Anaphylaxis is a severe allergic reaction that can be rapidly progressing and fatal. In instances where the triggering allergen is not known, establishing the etiology of anaphylaxis is pivotal to long-term risk management. Our recent work has identified a novel IgE antibody response to a mammalian oligosaccharide epitope, galactose-alpha-1,3-galactose (?-gal), that has been associated with two distinct forms of anaphylaxis: i) immediate onset anaphylaxis during first exposure to intravenous cetuximab, and ii) delayed onset anaphylaxis 3-6 hours after ingestion of mammalian food products (e.g., beef and pork). The overarching goal for this proposal is that defining both the cause and the mechanism of ?-gal IgE response, as well as identifying the antigen responsible for the delayed food reactions, will provide insight into the factors that govern allergic responses and control anaphylaxis. Our novel ?-gal-allergic mouse model will allow us to test the central hypothesis that tick bites induce a basophil-dependent, ?-gal specific immune response that, due to unconventional T cell antigen presentation, results in delayed allergic reactions to red meat. The significance of investigating these reactions comes not only from the obvious importance of understanding a novel life-threatening form of food allergy, but also because of the possibility of defining a totally new mechanism for reactions related to an important food substance. Our plan of research focuses on the elucidating the role of immune cells in the murine model, defining the role of tick bites in initiating the IgE and understanding the antigen that appears in the bloodstream 3-6 hours after eating beef, pork or lamb. Our current work has shown that IgE to the carbohydrate alpha-gal is present in a cohort of patients who report delayed anaphylaxis and allergic reactions after eating mammalian meat. We believe that IgE to ?- gal represents a novel cause of food allergy.
The specific aims outlined in this proposal are designed to establish the role of tick bites in initiating the ?-gal IgE response (Specific Aim 1), investigate the mechanism for IgE production (Specific Aim 2) and elucidate the mechanism for delayed reactions (Specific Aim 3). Overall, these studies are uniquely positioned to provide insight into a recently recognized allergic response that affects >3,500 patients in the southeastern U.S. as well as identify the molecules present during an allergic reaction and establish a model for ecto-parasitic tick bites initiating an IgE response.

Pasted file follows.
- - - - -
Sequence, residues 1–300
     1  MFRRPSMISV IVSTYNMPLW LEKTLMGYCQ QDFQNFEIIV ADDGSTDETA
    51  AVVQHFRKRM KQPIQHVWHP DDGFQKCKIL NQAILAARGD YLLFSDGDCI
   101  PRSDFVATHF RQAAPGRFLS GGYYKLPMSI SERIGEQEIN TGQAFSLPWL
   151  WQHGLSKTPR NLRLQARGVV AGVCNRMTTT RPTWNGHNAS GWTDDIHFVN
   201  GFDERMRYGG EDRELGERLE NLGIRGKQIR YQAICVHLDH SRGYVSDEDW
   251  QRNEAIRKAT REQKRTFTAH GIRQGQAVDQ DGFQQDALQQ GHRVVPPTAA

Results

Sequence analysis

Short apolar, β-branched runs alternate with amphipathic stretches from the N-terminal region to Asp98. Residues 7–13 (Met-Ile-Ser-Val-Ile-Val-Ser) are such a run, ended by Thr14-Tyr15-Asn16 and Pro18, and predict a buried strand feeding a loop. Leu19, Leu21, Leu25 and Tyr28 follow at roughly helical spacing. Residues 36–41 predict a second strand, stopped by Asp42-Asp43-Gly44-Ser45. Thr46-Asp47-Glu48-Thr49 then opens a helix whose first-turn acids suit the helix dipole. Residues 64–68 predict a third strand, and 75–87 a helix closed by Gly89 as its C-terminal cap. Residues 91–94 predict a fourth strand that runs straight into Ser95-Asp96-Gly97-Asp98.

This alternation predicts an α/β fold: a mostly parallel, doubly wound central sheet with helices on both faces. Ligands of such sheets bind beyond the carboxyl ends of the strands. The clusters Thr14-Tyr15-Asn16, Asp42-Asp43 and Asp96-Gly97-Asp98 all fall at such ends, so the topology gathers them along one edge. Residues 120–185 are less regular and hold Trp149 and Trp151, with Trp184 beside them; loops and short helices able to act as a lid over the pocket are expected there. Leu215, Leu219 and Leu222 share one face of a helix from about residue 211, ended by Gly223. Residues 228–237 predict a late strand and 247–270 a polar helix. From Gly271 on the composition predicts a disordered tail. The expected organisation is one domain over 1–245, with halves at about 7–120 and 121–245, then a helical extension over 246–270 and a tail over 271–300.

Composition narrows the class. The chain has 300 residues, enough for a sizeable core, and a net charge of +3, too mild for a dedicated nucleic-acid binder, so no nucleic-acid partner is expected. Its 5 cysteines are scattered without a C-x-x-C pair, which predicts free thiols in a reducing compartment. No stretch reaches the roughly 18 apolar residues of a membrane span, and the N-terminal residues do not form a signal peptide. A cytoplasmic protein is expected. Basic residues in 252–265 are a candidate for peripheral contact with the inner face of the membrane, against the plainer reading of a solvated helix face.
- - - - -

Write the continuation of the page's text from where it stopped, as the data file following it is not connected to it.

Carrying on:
Public Health Relevance

Anaphylaxis, or shock, is a severe allergic reaction that can progress quickly and may be fatal if appropriate medical action is not taken. We have identified a group of patients who develop delayed anaphylaxis 3-6 hours after eating beef, pork or lamb and the allergy appears to begin after tick bites, even in people who have tolerated these meats their entire lives. Because of the delay, their symptoms would normally be regarded as `spontaneous' or `of unknown cause.' We now have a model that will help us learn why the delay occurs and why patients are suddenly becoming allergic to red meat. Answers to these questions will provide real insight for patients suffering from any food allergy as we begin to unravel the factors that control anaphylaxis and allergic responses overall.

National Institute of Health (NIH)
National Institute of Allergy and Infectious Diseases (NIAID)
Research Project (R01)
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Special Emphasis Panel (ZRG1)
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Davidson, Wendy F
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University of North Carolina Chapel Hill
Internal Medicine/Medicine
Schools of Medicine
Chapel Hill
United States
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